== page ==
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Bible Commentaries

William Godbey's Commentary on the New Testament

1 Thessalonians

- 1 Thessalonians

by William Baxter Godbey


While faithfully preaching in Asia, the land of his nativity, the cradle of the human race, where Eden bloomed, Adam and Eve were created, and Satan invaded, eclipsing the fair hope of the world with his black wing, Paul has spent his life preaching the gospel, and now, transported with enthusiasm, enjoying the wide open door of all Asia, an inexhaustible evangelistic field, in a nightly vision looks far away over the great Aegean Sea, rolling between Asia and Europe. He sees a son of Japheth, the progenitor of the white races, standing on a lofty promontory, overlooking the Grecian Archipelago, and hears him shout, “Come over into Macedonia, and help us.” The call is decisive, and the “Holy Ghost forbids him to preach in Asia.” Therefore, accompanied by Luke, Timothy, and Silas, the heroic Asiatic quarto embark for Europe, landing on the Macedonian shore. Philippi, the Roman capital, is their first field of labor, finding an open door in the mission conducted by the daughters of Jerusalem on the bank of the Stryman. The roaring mob, the condemnation of the magistrates, the merciless thrashing, and the cruel old jail, would have upset the faith of many a modern evangelist, and precipitated the conclusion, “I was mistaken in the call to this place.” But not so with Paul and Silas, who hold a hallelujah prayer-meeting, stretched out flat on their bleeding backs, on the cold stone floor of the stenchy old dungeon, till the midnight earthquake answers their prayer, and the converted jailer charges and jumps like a racehorse over the house, upsetting chairs and smashing furniture. From Philippi they travel south to Thessalonica, where God wonderfully blesses their labors, giving them a sweeping revival, till they are compelled to retreat from their persecutors, who have come on their track from Philippi. Now they continue their journey toward the tropical sun, arriving at Berea, where they find a synagogue of unusually pious Jews and proselytes, assiduous, faithful, and honest students of God’s Word, who gladly received the apostles, and diligently searched the Scriptures to see “if these things are so.” Their persecutors follow them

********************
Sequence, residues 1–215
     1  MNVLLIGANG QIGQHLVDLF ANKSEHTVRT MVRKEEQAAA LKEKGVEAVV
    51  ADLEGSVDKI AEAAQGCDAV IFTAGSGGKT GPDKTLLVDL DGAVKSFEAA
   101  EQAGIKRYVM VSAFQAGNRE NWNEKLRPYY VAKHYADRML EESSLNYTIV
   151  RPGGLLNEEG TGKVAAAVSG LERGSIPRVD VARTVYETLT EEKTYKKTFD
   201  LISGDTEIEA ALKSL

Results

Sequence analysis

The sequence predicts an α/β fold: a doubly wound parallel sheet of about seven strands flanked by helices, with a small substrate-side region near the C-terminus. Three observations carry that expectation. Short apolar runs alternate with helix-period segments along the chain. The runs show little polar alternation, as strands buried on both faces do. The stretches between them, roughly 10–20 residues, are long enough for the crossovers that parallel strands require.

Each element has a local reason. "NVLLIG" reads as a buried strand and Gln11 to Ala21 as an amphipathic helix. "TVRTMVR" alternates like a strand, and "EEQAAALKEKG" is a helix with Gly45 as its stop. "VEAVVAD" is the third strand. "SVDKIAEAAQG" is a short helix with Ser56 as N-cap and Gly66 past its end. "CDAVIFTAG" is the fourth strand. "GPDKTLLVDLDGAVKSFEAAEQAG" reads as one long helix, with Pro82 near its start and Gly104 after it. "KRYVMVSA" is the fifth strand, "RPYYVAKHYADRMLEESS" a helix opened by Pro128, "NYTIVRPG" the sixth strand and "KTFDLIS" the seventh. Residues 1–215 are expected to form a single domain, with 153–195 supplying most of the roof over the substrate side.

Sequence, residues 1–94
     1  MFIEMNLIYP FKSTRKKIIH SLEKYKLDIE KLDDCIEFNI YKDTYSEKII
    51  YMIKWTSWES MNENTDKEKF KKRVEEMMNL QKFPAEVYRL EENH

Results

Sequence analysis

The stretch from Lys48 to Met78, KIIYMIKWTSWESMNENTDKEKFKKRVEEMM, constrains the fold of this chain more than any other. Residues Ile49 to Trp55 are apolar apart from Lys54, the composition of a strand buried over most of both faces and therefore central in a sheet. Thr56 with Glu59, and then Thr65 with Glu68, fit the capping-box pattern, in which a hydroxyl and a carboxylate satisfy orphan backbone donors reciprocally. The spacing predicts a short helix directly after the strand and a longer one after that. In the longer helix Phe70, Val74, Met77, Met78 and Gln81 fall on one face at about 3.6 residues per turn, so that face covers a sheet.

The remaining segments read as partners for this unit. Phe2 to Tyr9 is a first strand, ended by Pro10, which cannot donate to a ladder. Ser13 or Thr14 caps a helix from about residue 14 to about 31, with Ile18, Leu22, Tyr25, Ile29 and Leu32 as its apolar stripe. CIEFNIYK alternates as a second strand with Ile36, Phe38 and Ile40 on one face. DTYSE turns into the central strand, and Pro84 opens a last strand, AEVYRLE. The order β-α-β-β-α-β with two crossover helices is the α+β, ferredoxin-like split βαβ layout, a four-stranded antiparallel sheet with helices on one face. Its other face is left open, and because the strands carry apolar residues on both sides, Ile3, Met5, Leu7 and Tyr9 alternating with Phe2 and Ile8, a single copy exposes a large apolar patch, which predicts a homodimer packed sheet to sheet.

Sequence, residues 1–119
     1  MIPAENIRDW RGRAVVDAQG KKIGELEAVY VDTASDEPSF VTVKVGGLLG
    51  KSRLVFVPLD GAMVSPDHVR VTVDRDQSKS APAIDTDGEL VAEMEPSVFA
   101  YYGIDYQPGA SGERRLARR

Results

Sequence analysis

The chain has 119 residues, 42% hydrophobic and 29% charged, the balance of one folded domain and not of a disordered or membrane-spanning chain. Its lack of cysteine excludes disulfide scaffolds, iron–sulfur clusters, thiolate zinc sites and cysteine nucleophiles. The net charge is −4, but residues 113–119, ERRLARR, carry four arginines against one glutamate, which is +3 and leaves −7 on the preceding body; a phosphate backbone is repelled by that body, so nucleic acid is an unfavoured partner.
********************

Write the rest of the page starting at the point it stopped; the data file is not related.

from Thessalonica, and super-induce a premature departure from Berea. Sending hack Timothy and Silas to preach in Macedonia, Paul, accompanied by Luke, continues to travel southwardly, arriving at Athens, the world’s literary emporium, the home of sages, philosophers, poets, orators, and artisans. When I was there in 1895, I climbed Mars’ Hill, and stood on the Areopagus, where Paul preached to the most learned audience the world had ever seen, opening his discourse, “I perceive that in all things you are very religious [not as in E.V., ‘too superstitious.’] Passing through and observing your temples and shrines, I observed one erected to the ‘Unknown God;’ whom you ignorantly worship, I now declare unto you.” Athens was full of the most magnificent and costly marble temples erected to their gods. The Temple of Jupiter Olympus, one of the Seven Wonders of the World, still stands, the admiration of every traveler. The marble Temple of Minerva on the Acropolis, that of Theseus and others, stand this day. Paul very adroitly availed himself of the temple they had erected to the “Unknown God,” to preach him to them as revealed in the Bible and experienced in his heart. At Athens, however, his work was a failure, receiving no converts, but Dionysius and Damaris. Why? Too much learning at Athens. Learning is a citadel of power. When in the bands of Satan, it is difficult to overcome. It is easier to convert a hundred illiterate, ignorant men than a single infidel philosopher. The Churches are making a mistake in educating the heathen before they get them converted. The holiness people in all heathen lands go for conversion first, sanctification quickly following, and education afterward. Terrible maladministration prevails along this line in the Christian colleges of America and Europe. They all ought to do as at Asbury College, at Wilmore, Kentucky; press them right into a sky-blue conversion, and then gallop them into a red-hot sanctification, thus getting so much fire on them that they burn them either out or in. It is a bad business to educate people for the devil, as we only augment their torments in hell. If people are going to make their bed in hell, infinitely better give them no education. In the great tribulation now hastening, the proud, smart, educated infidels now ruling State and Church, and too cultured and egotistical to humble themselves at the feet of Jesus and get saved, will all evanesce, leaving the illiterate millions appreciative subjects of the millennial gospel. Paul and Luke continue their journey toward the south, eighty miles to the great city of Corinth, the Paris of the ancient world, arriving in the spring of A.D. 52, and staying till the fall of 54, favoring that wicked, idolatrous city with an eighteen months’ protracted-meeting, signally crowned with the blessing of God, and resulting in the largest Church of the Pauline ministry, and most wonderfully endued with the extraordinary gifts of the Holy Ghost. At Corinth Paul writes both of the Thessalonian letters within six months after his arrival.


This epistle is one of the most lucid, clear, and beautiful of the Pauline series, thrilling, explicit, and forceful on Paul’s two favorite themes; i. e., entire sanctification by a second work of grace after conversion, and the Lord’s return to the earth in judgment and glory.